So 300 years of the union has been a disaster for Scotland and its economy? I agree.

          Actually figures extrapolated from a Scotland trapped in a virtually bankrupt UK economy are entirely irrelevant and would have little relationship to how an independent Scotland would run its economy.

          That’s why we want to be independent. We need to get off the Titanic

  2. Crabbit says:

    There is precedent, but it is more as a self-governing dominion, rather than a dependency. Effectively self-governing. Canada went down this route as did Ireland.

    They were economically independent too, with their own fiscal policy and own currencies.

    (and indeed, as the Isle of Man has)

  3. richardcain2 says:

    While this may be a practical and possible route, it will likely stick in the craw of a great many people, particularly staunch republicans.

    One benefit of last year’s Referendum is that it has cemented the notion (at least in the public consciousness) that sovereignty rests with the people of Scotland; even if they have chosen not to assume the responsibility just yet. This is a moral high-ground which must not be lost.

    Applying for Crown Dependency (or equivalent) status would be seen as a formal relinquishing of sovereignty to the Crown; thus passing our control of our future out of our hands and admitting that we are unfit to stand on our own two feet.

    1. muttley79 says:

      Opinion polls show that in Scotland the royal family is still fairly popular. I am a republican, but I think some elements of Yes have convinced themselves that the majority of people in Scotland are left wing, anti-monarchy, anti-Nato etc. The polls have consistently shown this to be false. The radical element of Scottish political life has for decades been overemphasising the degree of support they have. Anything that goes against this mind set is usually dismissed. I think the majority of people of Scotland are much more pragmatic in their politics than the what many on the Left believe.

      It seems to me the pragmatic, gradualist view of the SNP has been the most successful strategy by far in gaining more and more Scottish autonomy. I would rather Holyrood takes on powers over welfare, taxation, energy, broadcasting etc, than reject it because of the Crown Dependency issue. After all, the Irish Free State became the Irish Republic in time. If you genuinely want and support change, why put up barriers and pre-conditions to it happening?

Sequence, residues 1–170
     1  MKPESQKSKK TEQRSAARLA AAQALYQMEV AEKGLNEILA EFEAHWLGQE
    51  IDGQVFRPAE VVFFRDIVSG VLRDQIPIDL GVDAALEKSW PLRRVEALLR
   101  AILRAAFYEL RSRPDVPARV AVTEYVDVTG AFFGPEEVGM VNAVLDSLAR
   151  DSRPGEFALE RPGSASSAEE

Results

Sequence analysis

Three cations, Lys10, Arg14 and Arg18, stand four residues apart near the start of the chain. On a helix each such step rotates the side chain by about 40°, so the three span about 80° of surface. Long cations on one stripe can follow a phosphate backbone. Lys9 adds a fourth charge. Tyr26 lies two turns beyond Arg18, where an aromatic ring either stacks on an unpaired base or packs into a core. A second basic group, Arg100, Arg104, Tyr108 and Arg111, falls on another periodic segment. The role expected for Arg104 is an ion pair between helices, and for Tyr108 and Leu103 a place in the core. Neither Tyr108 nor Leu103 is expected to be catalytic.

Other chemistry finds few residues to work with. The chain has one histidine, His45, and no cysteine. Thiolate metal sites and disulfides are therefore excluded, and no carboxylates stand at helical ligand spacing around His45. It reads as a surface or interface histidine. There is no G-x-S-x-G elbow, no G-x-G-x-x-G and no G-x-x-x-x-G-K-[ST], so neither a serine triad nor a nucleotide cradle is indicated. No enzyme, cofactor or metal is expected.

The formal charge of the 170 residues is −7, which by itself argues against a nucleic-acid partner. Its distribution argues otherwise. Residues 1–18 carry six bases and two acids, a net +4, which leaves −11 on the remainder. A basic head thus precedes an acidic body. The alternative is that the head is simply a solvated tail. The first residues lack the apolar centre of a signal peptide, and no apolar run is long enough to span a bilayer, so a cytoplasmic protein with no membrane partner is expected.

1. richardcain2 says:

        I’m not saying I’m completely against this suggestion, merely that it is the first time (to my knowledge) that it has been raised, and we need to consider the proposition very carefully to ensure there are no unintended undesirable consequences.

        One of the biggest drivers for me is to make our country fairer and more democratic. Independence is a tool for that. Is taking our future out of the hands of 1,000-odd people we didn’t vote for and putting it in the hands of one person we didn’t vote for a step in the right direction or not?

  4. emilytom67 says:

    Why can,t we print our own money? isn,t that what Broonie and his Darling did,and where did the almost 1 trillion go??We have to set up our own bank and cut loose from the Rothschild corrupt hegemony,very risky because everyone that has tried to break this stranglehold has finished up dead.

  5. Anonymous says:

    As Crabbit has said we tend to tie ourselves in knots talking about “crown dependencies” (which conjur images of tiny island provinces) when in fact the closest equivalent would be something like the Irish Free State, or a Dominion. Dominion status, or “Commonwealth/Commonweal” status or something is what I’d be campaigning for.

    It should be noted that the Dominions of the Empire were separate signatories to the Treaty of Versailles – we’d be much closer to Barr (Motherwell) MP’s 1920s ILP proposal for devolution where foreign affairs and defence were a “shared issue”, not entirely reserved to the UK government.

  6. Anton says:

    The idea of Scotland becoming a Crown Dependency is an interesting and potentially attractive idea, and not something I’ve previously seen suggested.

    As Gavin Falconer points out, one of the great advantages would be precedent – that is, it’s a model which has been proved to work elsewhere. However, three issues occur to me.